In his latest act of magic, Salman Rushdie has united mythology and the India of the Mogul empire with the Italy of the Renaissance, writes Jane Cornwell
THERE are no armed guards outside the Wylie Agency in Bedford Square, Bloomsbury, the premier agency for A- list authors in London. Its Georgian facade looks calm, welcoming; up three steps and the huge front door buzzes quickly open. A young male receptionist smiles and, without so much as a bag check, directs me towards an adjacent room. Where, sitting on his own — but rising with hand outstretched, those hooded brown eyes twinkling — is possibly the most prominent novelist of our time, Salman Rushdie.
‘‘ Have you seen a finished copy?’’ he asks before I’ve even got my coat off, his mellifluous voice the stuff of a million audio books. Pacing over to a wall of shelves he plucks a pristine redand- yellow hardback from a row all bearing the title The Enchantress of Florence . ‘‘ Look what the clever designers have done,’’ he beams, flicking the book open to reveal the 16th- century Indian Mogul painting on the inside front cover, and then a detail from a panorama of Renaissance Florence inside the back.
‘‘ Marvellous, just marvellous,’’ he sighs, looking as if he might happily fall into either and never climb out.
Which is just the sort of thing that happens in a Rushdie novel. Myth and fantasy intertwine with real life in the oeuvre of this Mumbai- born, Cambridge- educated writer: from 1981’ s Booker Prize- winning Midnight’s Children ( judged the Booker of Bookers in 1993 and odds- on for the Best of the Booker prize later this year) to 1988’ s fatwa- inspiring Satanic Verses ( which kept him hidden in a series of safe houses for nine years) and 2006’ s politically charged Shalimar the Clown , Rushdie has created a magic realist swirl within which official history is challenged, rewritten and fictionalised.
A fantasia set at the turn of the 15th and 16th centuries, The Enchantress of Florence unites the India of the Mogul empire with the Italy of the high Renaissance. It begins with a tall, yellowhaired European traveller arriving by bullock cart at the palace- city of Fatehpur Sikri, seat of the emperor Akbar, armed with a tale that will obsess the imperial capital.
He is, he claims, Mogor dell’Amore, the Mogul of Love; the son of a lost princess named Qara Koz, who was the youngest sister of the Grand Mogul, Akbar’s grandfather Babar. Which makes him the much older Akbar’s uncle.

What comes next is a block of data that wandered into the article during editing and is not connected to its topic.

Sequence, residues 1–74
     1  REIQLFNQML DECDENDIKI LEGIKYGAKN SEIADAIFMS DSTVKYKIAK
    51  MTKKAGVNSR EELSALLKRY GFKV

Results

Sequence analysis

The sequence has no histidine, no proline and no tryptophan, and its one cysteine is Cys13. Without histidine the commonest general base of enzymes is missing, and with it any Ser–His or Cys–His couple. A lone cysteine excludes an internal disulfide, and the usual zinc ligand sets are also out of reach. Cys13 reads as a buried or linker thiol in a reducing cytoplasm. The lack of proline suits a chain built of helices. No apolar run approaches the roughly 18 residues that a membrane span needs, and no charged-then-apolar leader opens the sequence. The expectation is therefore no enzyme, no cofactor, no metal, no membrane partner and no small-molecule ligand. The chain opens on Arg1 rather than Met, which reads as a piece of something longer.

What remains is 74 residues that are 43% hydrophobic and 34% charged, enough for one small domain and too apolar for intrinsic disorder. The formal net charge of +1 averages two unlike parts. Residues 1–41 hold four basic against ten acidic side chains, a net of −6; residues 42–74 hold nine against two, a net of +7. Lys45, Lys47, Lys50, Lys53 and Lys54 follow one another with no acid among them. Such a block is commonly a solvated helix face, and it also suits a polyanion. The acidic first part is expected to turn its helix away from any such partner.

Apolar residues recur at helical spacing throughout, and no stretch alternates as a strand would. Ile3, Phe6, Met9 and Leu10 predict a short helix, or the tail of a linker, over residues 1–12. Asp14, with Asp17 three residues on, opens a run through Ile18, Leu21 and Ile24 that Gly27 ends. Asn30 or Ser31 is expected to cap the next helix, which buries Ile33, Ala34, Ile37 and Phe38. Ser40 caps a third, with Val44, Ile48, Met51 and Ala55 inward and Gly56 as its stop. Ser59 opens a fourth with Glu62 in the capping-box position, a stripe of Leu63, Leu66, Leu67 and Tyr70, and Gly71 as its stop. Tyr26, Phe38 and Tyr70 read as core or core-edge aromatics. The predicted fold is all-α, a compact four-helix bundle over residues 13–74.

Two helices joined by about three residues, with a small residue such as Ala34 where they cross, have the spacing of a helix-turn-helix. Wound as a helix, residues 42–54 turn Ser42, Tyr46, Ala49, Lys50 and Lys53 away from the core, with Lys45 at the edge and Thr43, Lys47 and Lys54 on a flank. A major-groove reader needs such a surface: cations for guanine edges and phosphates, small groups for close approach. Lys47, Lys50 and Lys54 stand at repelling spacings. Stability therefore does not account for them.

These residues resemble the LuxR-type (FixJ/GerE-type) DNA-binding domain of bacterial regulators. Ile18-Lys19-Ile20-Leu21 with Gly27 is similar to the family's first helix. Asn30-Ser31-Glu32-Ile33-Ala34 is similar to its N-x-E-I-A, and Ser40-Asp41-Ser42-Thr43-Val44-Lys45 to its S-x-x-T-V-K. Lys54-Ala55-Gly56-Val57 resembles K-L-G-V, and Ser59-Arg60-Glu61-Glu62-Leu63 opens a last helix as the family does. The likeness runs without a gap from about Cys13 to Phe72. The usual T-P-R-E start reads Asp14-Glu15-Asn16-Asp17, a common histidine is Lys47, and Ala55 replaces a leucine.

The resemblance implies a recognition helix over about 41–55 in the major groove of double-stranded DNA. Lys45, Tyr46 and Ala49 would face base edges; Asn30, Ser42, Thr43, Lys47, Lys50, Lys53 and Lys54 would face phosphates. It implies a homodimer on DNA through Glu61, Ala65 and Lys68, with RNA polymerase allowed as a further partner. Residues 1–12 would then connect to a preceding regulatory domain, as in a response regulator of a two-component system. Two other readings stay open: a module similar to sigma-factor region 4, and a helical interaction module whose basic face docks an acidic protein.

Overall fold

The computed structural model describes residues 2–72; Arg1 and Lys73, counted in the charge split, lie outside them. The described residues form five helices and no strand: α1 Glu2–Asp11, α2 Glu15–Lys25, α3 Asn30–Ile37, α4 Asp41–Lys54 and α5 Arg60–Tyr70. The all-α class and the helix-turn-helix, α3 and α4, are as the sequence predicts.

Mogor’s tale gives way to that of the ravishing, dark- eyed Qara Koz, an ( alleged) sorceress captured by warlords and shahs before becoming the lover of Florentine army commander Argalia, boyhood friend of one Niccolo Machiavelli. It’s all rather complicated. It is also the work of a master storyteller. Like a sort of literary Russian doll, or a series of Persian miniatures, Rushdie’s audacious novel pulses with stories within stories, worlds within worlds. Time is blurred, turned inside out. Truth is told and stretched. Complex ideas — from belief and desire to power and projection — are explored concisely through a teeming and vibrant cast of characters.
We get Argalia’s tale, and Ago’s, and Machiavelli’s. We get that of Akbar’s scheming son, Salim, and Qara Koz’s lookalike lady- in- waiting, the Mirror. We get, briefly, a depressive portrait painter named Dashwanth who does indeed fall into his picture of Qara Koz and stay there, in contrast to the feat achieved by Akbar, who has conjured up his fantasy queen, princess Jodha. There are real historical figures in the shimmering heat of Fatehpur Sikri and the sensual, tyrannical world of Florence. But when Rushdie wants extra colour — some Swiss albino giants, say, or two whores named Skeleton and Mattress — he simply makes people up.
‘‘ But an enormous amount is true,’’ he says, sipping the extra strong coffee he’s ordered from the receptionist; just in from New York, he’s wrestling with jet lag. ‘‘ I kept finding out stuff — like the fact the gardeners in Topkapi Palace were also executioners — that I wouldn’t have even imagined.’’
Seven years in the research, 20 years in the thinking, The Enchantress of Florence was given breath by Rushdie’s upbringing in India ( as the only son of a barrister who also studied at Cambridge) and his undergraduate history degree. ‘‘ I spent a whole student summer in Florence without a bean, having to . . . choose between a pizza or a gelato,’’ he offers. ‘‘ A friend of mine had a car so we’d drive to the countryside and find all these old little churches with huge frescoes inside.’’
Rushdie has long since resumed his international travel schedule. Although the original death sentence decreed by Iran’s Ayatollah Ruhollah Khomeini on February 14, 1989, was revoked, it was replaced by a new fatwa: one that seemed to fade away in tandem with changes of government on both sides of the Atlantic in the 1990s and, ironically, with the rise of Islamic radicalism. ‘‘ I was the pretext they found,’’ says Rushdie, whose 2007 knighthood briefly revitalised his enemies. ‘‘ Given that they were looking for pretexts.’’
While Rushdie was being guarded round the clock, fellow writers Roald Dahl and Germaine